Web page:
rails-config

Rails configuration in the proper way

| 13 Comments

Usually Rails application has multiple environments – production, development, test and staging; and quite often application behaves differently in each environment. Rails provides a simple way to inspect current environment:

But abusing Rails.env for adjusting application behaviour leads to serious issues with future configuration changes. We’ll discuss these issues below, along with the proper way to deal with them.

1. Change your configuration not a code

Let’s say we want to force SSL protocol for user’s settings page. With Rails.env it’s easy to do, just place the following line into your UsersController:

The main issue with this approach is that code is not flexible. Just when SSL should be forced for ‘staging’ environment, we should change the code. That’s not so difficult if condition is used only once, but in case when SSL is required in multiple places, it becomes pain in the neck.

We can use YAML file to put all ducks in a row. Here’re SSL settings placed into ‘config/settings/ssl.yml':

I’ll use global gem to get OOP interface for this YAML:

You can read more about global gem and configuration with it here.

After this refactoring we can change behaviour without making changes in the code. To enable SSL for development environment, we should only enable option in YAML file. In case when this code was spread across different places, this approach saves a lot of time.

2. Use configurations over conditions

In the new example, our application should provide different title on the main page for each environment:

To avoid conditions we can replace this code with ‘config/settings/text.yml':

Now ‘main_page_title’ method is replaced with:

Such declarative approach helps us avoid environment dependency in the code, removes batch of dump methods like ‘main_page_title’ and makes code more flexible.

3. Write code that means something

I found this piece of code in one of the projects:

It was really hard to understand what this is and why it should be included only in production and staging environments until this commit message from the git log helped me: “Add tracking code to layout”

Again, we put configuration into ‘config/settings/marketing.yml':

And the code looks like this:

Now we can read it properly: “When tracking for marketing is enabled include this “magic” javascript”.
Here we gain a very important value: code tells us about its intention.

Conclusion

If you’re going to use Rails.env in your code, it’s time to think about configuration as it’ll help you make code: short, readable, and maintainable.

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  • robert

    def main_page_title
    if Rails.env.production?
    “My App”
    else
    “My App #{Rails.env}”
    end
    end

    goes to

    def main_page_title
    “My App” + (Rails.env.production? ? Rails.env : ”)
    end

    if you prefer one line :)

    • Mugsx

      Nearly – although your logic is around the wrong way, I think – you append the environment name only in production!

      def main_page_title
      “My App” + (Rails.env.production? ? ” : Rails.env)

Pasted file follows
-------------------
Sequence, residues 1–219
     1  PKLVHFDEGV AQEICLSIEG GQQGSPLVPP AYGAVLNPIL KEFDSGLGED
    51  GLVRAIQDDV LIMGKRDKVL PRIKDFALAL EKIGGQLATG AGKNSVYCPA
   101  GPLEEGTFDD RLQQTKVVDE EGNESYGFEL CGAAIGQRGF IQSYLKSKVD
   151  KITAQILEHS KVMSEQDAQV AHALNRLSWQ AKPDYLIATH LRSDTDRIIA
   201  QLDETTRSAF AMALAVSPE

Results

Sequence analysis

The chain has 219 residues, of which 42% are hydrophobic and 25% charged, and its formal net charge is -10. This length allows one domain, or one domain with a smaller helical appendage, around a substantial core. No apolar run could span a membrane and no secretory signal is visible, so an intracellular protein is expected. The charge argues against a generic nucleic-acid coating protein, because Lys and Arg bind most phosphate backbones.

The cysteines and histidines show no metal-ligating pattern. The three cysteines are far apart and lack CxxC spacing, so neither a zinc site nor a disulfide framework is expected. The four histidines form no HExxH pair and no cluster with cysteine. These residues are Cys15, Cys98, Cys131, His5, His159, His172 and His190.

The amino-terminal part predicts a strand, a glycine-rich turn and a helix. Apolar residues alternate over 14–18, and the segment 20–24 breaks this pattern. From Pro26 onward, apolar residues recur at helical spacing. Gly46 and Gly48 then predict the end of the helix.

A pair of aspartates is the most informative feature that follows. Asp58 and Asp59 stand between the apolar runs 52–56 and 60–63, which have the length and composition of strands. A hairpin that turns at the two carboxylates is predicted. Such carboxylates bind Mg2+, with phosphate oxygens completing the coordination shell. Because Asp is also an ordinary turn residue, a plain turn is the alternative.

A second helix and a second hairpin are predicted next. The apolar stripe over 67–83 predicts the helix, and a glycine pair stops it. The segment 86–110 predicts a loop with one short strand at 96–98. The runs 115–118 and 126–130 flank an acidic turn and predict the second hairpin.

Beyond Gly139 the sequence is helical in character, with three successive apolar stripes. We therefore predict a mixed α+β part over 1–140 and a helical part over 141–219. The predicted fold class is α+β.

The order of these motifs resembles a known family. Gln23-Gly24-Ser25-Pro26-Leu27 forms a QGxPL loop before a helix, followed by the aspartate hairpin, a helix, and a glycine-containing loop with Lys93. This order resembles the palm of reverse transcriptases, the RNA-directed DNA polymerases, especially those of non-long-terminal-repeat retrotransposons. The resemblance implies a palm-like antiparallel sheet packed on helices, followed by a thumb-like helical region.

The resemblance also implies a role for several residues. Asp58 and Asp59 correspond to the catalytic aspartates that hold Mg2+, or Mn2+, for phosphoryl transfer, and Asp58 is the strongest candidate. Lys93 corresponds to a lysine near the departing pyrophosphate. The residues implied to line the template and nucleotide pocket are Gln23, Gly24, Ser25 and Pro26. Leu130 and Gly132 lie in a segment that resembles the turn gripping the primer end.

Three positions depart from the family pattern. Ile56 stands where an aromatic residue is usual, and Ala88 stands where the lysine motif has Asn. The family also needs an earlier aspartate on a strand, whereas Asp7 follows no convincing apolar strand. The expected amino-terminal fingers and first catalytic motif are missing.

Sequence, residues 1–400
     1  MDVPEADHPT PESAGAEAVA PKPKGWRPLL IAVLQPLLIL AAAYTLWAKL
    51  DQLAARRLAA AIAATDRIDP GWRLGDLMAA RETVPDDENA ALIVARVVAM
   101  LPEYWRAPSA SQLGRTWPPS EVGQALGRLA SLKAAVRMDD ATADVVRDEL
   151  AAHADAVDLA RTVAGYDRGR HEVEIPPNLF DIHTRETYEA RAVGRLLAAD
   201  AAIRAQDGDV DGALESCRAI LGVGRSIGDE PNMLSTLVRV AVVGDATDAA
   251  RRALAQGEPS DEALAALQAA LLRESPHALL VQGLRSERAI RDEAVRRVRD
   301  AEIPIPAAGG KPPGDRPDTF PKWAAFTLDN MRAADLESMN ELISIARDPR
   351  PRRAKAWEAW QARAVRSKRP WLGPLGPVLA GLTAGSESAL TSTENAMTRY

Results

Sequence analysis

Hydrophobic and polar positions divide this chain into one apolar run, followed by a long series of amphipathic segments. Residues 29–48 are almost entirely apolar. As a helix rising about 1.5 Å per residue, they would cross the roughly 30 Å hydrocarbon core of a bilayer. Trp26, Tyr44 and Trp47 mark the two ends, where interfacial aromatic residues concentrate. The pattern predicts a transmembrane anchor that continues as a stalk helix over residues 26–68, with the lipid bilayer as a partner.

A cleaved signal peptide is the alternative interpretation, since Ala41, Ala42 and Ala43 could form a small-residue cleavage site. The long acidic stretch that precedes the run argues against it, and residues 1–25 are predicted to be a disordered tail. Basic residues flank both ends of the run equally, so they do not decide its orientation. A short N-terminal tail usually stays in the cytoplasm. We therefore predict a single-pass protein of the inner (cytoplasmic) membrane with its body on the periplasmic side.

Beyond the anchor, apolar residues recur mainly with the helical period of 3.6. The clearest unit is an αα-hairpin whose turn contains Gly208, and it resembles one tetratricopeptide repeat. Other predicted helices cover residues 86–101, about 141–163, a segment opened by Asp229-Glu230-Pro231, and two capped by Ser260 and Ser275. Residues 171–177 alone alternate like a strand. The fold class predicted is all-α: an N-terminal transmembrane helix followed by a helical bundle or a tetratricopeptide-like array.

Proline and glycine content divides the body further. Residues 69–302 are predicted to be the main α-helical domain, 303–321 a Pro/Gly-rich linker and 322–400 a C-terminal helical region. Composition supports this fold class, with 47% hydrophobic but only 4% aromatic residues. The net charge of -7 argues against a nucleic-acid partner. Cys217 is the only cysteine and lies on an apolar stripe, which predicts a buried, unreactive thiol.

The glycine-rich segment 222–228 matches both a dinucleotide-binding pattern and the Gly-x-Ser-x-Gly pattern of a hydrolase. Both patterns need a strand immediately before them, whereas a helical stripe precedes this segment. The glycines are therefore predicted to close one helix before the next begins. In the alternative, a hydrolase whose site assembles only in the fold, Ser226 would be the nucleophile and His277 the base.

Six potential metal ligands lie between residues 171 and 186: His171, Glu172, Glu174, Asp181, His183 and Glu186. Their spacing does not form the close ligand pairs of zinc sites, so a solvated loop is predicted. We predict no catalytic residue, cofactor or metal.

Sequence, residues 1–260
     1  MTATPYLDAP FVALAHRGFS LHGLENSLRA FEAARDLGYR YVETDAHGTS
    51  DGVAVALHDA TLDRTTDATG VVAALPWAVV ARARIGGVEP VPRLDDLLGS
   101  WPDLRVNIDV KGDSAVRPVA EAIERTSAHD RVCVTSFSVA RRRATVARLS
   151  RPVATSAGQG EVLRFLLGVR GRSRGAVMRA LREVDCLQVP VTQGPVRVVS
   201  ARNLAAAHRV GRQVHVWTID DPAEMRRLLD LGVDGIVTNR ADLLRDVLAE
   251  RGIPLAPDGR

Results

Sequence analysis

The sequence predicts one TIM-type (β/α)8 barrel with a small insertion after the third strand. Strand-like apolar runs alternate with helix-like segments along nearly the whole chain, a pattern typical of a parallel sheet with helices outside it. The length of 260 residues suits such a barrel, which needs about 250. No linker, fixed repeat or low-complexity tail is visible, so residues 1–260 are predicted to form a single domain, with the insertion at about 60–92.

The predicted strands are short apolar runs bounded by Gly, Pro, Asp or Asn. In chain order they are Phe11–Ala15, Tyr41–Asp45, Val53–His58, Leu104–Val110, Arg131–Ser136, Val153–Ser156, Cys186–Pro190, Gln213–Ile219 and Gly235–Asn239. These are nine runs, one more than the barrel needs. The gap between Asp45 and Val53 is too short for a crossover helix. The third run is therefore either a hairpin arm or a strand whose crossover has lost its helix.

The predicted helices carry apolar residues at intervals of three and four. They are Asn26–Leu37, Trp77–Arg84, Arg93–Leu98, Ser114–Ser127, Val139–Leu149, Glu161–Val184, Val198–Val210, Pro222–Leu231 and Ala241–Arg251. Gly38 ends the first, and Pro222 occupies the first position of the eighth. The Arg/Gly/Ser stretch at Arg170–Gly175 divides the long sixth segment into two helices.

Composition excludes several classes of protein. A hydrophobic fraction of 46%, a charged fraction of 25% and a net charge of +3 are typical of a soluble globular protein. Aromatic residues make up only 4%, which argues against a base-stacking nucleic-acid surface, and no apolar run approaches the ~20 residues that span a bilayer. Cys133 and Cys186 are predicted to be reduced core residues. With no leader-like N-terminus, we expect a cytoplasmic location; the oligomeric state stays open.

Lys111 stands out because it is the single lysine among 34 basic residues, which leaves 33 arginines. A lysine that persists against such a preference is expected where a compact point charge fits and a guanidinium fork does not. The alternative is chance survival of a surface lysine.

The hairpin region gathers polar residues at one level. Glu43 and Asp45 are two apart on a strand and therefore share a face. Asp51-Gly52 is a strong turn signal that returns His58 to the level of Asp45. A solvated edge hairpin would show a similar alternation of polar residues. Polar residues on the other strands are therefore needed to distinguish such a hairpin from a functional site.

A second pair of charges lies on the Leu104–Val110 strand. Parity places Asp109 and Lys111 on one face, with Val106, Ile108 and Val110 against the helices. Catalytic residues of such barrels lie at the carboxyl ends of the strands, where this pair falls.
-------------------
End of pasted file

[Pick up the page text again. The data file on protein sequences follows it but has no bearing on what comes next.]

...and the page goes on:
end

      But then you get “My Appdevelopment”, so we need a space too:

      def main_page_title
      “My App” + (Rails.env.production? ? ” : ‘ ‘ + Rails.env)
      end

      It’s one line, sure, but not exactly pretty, and I suggest the intention is far from obvious at a first glance!

  • Sergii

    Interesting to see how huge your *.yml is and how easy is to go throughout envs to find out all possible values.

    • Olexander Paladiy

      Don’t put all settings into one file. You should split your settings across multiple yaml files so each file will have small batch of settings and single responsibility:
      Global.ssl.enabled from ssl.yml
      Global.marketing.tracking[“enabled”] from marketing.yml

  • Guest

    I find the grammatical errors distracting.

  • http://www.codesherpas.com David Bock

    This is a fantastic article, and your examples illustrate clearly how you can take a simple environment check and instead make it a ‘fluent’ description of *why* you’re checking rather than *what* you’re checking.

    I also like the recommendation of the global gem, as it will automatically key off the environment for you. for smaller cases though, you can just as easily use the built in config hash in Rails:

    Application.config.my_property = “Schpoo”

    Application.config is a HasWithIndifferentAccess, and you can stick your own things into it. If you put values in from your config/environments//rb file, it will naturally have a value appropriate for the current environment.

    • Olexander Paladiy

      Thanks David. I agree with you that Application.config is useful for small batch of settings, but it can be hard to read them with big amount of options.

  • Chuck

    The 12 factor app addresses this: http://12factor.net/ Specifically: http://12factor.net/config

  • http://www.wddx.ru Mokevnin Kirill
    • Vladimir Melnick (rubydev.ru)

      DSL is a good idea, but it too difficult for this task. The best solution is immutable (deep frozen) ruby hashes.

  • Georgiii

    Thanks for the awesome article!

  • nandosousa

    Awesome! i’ll put this in practice.

  • Pingback: Share Rails configuration to Javascript | Railsware Blog()

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